Oklahoma City, OK

Oklahoma City, OK

Oklahoma City, OK

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Man troubled by bothersome noises holding hands over his ears to block them out.

Pain is your body’s way of supplying information. It’s an effective strategy though not a very enjoyable one. When that megaphone you’re standing next to gets too loud, the pain lets you know that significant ear damage is happening and you immediately (if you’re wise) cover your ears or remove yourself from that extremely loud environment.

But, in spite of their marginal volume, 8-10% of individuals will feel pain from quiet sounds too. This condition is referred to by experts as hyperacusis. This is the medical term for overly sensitive ears. The symptoms of hyperacusis can be managed but there’s no cure.

Elevated sensitivity to sound

Hypersensitivity to sound is known as hyperacusis. Most people with hyperacusis have episodes that are triggered by a specific set of sounds (commonly sounds within a frequency range). Quiet noises will frequently sound very loud. And loud noises seem even louder.

Hyperacusis is commonly linked to tinnitus, hearing trouble, and even neurological issues, although no one really knows what actually causes it. With regards to symptoms, severity, and treatment, there’s a noticeable degree of individual variability.

What kind of response is normal for hyperacusis?

Here’s how hyperacusis, in most cases, will look and feel::

  • Everyone else will think a particular sound is quiet but it will sound very loud to you.
  • After you hear the initial sound, you may have pain and hear buzzing for days or even weeks.
  • Your response and discomfort will be worse the louder the sound is.
  • You might also have dizziness and difficulty keeping your balance.

Treatments for hyperacusis

When your hyperacusis makes you sensitive to a wide range of frequencies, the world can seem like a minefield. Your hearing could be bombarded and you could be left with a terrible headache and ringing ears anytime you go out.

That’s why it’s so important to get treatment. You’ll want to come in and speak with us about which treatments will be your best option (this all tends to be rather variable). Here are some of the most common options:

Masking devices

A device called a masking device is one of the most popular treatments for hyperacusis. This is a device that can cancel out specified wavelengths. These devices, then, can selectively mask those triggering wavelengths of sound before they ever reach your ear. If you can’t hear the triggering sound, you won’t have a hyperacusis attack.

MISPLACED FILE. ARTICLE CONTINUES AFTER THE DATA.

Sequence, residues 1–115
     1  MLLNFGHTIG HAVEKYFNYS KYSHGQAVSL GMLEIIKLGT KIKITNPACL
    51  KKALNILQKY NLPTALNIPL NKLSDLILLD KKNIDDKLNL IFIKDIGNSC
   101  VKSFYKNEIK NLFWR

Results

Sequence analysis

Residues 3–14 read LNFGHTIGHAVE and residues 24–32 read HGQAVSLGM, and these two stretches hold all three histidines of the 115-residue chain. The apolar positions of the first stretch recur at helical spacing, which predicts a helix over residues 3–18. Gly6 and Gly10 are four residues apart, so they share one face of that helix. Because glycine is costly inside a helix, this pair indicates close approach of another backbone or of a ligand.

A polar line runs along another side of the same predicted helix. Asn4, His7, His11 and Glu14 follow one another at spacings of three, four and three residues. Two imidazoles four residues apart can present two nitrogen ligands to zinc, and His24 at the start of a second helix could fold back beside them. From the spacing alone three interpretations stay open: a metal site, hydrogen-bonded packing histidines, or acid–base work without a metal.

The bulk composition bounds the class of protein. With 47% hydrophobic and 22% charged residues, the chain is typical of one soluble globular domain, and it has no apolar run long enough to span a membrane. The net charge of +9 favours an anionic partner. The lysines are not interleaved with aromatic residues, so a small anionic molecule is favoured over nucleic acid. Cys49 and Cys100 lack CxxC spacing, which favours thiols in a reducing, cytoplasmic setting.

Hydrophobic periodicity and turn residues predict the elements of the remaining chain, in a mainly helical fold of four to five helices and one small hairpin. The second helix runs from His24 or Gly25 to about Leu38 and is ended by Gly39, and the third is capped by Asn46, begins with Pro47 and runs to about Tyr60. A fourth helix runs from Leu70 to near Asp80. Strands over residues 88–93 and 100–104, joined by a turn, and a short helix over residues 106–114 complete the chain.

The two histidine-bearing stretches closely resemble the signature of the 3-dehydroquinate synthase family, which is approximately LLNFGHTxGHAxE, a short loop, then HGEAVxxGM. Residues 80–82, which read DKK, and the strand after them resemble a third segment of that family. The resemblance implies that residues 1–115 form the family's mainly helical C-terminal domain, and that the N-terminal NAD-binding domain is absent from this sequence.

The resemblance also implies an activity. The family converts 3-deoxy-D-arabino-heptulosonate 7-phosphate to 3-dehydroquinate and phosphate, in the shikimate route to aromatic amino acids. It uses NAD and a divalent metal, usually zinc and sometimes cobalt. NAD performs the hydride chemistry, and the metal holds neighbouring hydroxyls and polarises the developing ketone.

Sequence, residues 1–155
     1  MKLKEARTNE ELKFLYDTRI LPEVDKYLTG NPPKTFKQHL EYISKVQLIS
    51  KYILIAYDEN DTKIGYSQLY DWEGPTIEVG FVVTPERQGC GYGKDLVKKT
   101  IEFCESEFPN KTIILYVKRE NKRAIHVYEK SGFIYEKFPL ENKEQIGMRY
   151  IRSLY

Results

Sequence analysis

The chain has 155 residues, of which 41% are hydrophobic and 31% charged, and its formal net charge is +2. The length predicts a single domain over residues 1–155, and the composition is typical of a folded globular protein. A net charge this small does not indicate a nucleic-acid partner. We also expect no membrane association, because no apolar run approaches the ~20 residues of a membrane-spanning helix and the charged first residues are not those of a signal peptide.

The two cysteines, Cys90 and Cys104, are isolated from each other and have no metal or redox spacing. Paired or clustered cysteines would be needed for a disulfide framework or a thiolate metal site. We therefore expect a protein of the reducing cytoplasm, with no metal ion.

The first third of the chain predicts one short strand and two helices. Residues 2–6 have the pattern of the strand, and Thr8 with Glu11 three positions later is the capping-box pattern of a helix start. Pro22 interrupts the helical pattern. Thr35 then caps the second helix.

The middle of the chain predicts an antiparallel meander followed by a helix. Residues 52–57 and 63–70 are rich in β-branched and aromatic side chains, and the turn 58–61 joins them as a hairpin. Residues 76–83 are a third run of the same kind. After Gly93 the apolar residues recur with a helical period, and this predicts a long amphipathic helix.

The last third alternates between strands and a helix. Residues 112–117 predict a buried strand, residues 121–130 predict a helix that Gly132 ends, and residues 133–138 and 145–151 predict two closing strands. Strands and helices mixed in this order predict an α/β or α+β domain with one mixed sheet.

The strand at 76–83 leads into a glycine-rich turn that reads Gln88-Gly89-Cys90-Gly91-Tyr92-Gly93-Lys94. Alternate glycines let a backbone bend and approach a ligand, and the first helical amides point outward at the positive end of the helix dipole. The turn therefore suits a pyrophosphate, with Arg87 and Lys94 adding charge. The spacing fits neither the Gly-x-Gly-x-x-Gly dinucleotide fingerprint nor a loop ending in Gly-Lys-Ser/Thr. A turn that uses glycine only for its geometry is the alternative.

Earplugs are a less sophisticated take on the same basic approach: you can’t have a hyperacusis episode if you can’t hear… well, anything. There are undoubtedly some drawbacks to this low tech method. Your general hearing problems, including hyperacusis, could get worse by using this strategy, according to some evidence. Consult us if you’re considering using earplugs.

Ear retraining

An strategy, known as ear retraining therapy, is one of the most extensive hyperacusis treatments. You’ll use a mix of devices, physical therapy, and emotional therapy to try to change the way you react to certain kinds of sounds. The concept is that you can train yourself to ignore sounds (kind of like with tinnitus). This strategy depends on your commitment but usually has a positive rate of success.

Less common solutions

Less common methods, including ear tubes or medication, are also used to manage hyperacusis. These approaches are less commonly used, depending on the specialist and the person, because they have met with mixed results.

A big difference can come from treatment

Depending on how you experience your symptoms, which vary from person to person, an individual treatment plan can be created. There’s no single best approach to treating hyperacusis, it really depends on choosing the best treatment for you.

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The site information is for educational and informational purposes only and does not constitute medical advice. To receive personalized advice or treatment, schedule an appointment.
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